Braves add Jose Veras to their suddenly aged bullpen

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The 2014 Braves didn’t get a single relief appearance from a pitcher in his 30s. With John Hart at the helm, the 2015 Braves are going in a much different direction with the bullpen.

34-year-old Jose Veras is Hart’s latest pickup for the relief corps, joining Jason Grilli, Jim Johnson, Josh Outman and Matt Capps. Like Capps, Veras is getting a minor league deal, though he seems like a pretty good bet to claim a spot.

After saving 21 games with a 3.02 ERA in 2013, Veras received a one-year, $4 million deal to close for the Cubs last year. He was an immediate bust, amassing an 8.10 ERA in 13 1/3 innings, but after rejoining the Astros, whom he pitched for during the first two-thirds of 2013, he had a 3.03 ERA and a 37/16 K/BB ratio in 32 2/3 innings. Over the last three seasons, he had a 3.64 ERA and a 189/89 K/BB ratio in 175 2/3 innings.

As things stand now, Craig Kimbrel, Grilli, Johnson and James Russell would seem to be guaranteed spots in the Atlanta bullpen. Outman and Veras will be clear favorites for two of the three remaining spots. Ideally, Shae Simmons would be there, too, but the youngster needs to prove he’s healthy after missing most of the second half of last season with shoulder troubles. Lefties Luis Avilan and Ian Thomas will also provide competition.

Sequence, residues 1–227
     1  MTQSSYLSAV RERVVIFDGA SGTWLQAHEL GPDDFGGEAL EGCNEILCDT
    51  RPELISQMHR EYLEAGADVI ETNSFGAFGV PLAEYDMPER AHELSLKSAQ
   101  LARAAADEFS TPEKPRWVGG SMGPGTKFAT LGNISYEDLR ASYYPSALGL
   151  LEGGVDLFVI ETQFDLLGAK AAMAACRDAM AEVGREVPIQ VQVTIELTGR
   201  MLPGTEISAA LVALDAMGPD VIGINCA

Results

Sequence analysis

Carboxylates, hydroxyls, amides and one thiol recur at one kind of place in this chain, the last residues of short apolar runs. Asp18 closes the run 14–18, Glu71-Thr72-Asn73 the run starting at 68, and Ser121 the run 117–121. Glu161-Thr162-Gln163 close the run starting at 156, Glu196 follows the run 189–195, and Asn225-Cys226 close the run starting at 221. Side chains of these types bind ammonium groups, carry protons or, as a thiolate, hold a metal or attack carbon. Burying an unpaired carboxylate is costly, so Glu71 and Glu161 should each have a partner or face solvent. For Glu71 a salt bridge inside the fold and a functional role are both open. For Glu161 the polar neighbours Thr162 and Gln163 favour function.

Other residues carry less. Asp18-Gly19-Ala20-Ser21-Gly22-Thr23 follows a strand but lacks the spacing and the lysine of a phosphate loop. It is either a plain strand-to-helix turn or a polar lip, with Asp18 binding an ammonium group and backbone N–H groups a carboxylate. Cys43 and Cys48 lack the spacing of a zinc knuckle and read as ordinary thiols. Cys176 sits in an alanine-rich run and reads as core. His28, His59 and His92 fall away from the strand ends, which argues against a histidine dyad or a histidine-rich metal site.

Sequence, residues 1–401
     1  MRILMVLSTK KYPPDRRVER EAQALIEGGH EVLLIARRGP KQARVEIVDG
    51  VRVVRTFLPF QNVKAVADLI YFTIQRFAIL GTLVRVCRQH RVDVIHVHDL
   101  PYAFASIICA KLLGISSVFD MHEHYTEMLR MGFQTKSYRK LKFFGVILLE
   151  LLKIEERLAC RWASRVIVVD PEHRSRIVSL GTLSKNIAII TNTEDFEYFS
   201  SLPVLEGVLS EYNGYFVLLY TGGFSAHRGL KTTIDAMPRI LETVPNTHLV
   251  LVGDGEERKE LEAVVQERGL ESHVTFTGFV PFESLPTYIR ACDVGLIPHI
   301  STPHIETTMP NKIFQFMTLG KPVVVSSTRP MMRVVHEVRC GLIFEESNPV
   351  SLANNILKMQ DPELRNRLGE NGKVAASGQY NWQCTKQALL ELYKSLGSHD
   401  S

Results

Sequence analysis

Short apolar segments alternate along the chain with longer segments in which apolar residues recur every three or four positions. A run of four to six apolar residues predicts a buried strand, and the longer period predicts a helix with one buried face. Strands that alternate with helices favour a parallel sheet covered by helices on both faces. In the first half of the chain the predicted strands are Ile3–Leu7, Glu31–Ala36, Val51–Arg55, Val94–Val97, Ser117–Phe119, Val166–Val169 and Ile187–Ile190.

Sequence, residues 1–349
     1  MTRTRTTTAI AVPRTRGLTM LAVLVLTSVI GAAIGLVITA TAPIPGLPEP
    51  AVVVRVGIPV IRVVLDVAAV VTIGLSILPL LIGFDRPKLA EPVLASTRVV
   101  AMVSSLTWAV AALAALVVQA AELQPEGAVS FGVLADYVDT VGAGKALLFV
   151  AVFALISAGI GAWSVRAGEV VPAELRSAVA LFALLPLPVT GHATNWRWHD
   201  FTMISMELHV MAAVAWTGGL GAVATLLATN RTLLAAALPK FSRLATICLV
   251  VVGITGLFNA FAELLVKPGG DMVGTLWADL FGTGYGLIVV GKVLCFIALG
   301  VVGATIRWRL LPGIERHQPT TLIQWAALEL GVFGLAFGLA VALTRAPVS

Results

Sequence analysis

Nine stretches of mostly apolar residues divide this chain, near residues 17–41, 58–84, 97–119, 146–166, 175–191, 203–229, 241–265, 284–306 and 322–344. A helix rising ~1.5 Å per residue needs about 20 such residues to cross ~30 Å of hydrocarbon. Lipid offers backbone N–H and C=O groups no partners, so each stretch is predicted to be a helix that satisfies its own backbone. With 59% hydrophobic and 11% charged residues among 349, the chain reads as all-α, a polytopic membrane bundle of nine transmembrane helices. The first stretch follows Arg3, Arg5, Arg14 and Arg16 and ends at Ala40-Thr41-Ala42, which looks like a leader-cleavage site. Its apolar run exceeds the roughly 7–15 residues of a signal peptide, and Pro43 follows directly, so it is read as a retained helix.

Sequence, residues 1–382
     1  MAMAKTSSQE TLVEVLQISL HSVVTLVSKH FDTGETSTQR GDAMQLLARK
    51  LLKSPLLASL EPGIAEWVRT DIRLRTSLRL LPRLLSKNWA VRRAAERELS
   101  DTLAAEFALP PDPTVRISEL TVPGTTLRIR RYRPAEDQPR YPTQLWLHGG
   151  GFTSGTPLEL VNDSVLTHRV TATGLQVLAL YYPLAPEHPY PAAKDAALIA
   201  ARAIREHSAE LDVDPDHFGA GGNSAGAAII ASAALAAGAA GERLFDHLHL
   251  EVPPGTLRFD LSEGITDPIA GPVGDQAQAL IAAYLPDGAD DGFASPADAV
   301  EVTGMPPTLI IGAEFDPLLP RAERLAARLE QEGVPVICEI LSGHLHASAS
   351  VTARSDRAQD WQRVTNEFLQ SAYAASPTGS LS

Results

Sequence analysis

Rangers, Padres, White Sox to continue paying minor leaguers

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In March, Major League Baseball agreed to pay minor league players $400 per week while the sport is shut down amid the coronavirus pandemic. That provision is set to expire at the end of May. As Craig noted earlier, the Athletics will not be paying their minor leaguers starting on June 1.

Several teams are doing the right thing, continuing to pay their minor leaguers $400 per week through at least the end of June. Per The Athletic’s Levi Weaver and James Fegan, the Rangers and White Sox will each tack on another month of pay. The Athletic’s Dennis Lin reported earlier that the Padres will pay their players through the end of August. Craig also cited a Baseball America report from this morning, which mentioned that the Marlins will also pay their players through the end of August.

Frankly, if the Marlins can find a way to continue paying their minor league players, then every team should be able to do the same. The Marlins are widely believed to be the least profitable among the 30 major league clubs. Here’s hoping the rest of the league follows the Rangers’, White Sox’s, Padres’, and Marlins’ lead as opposed to the Athletics’.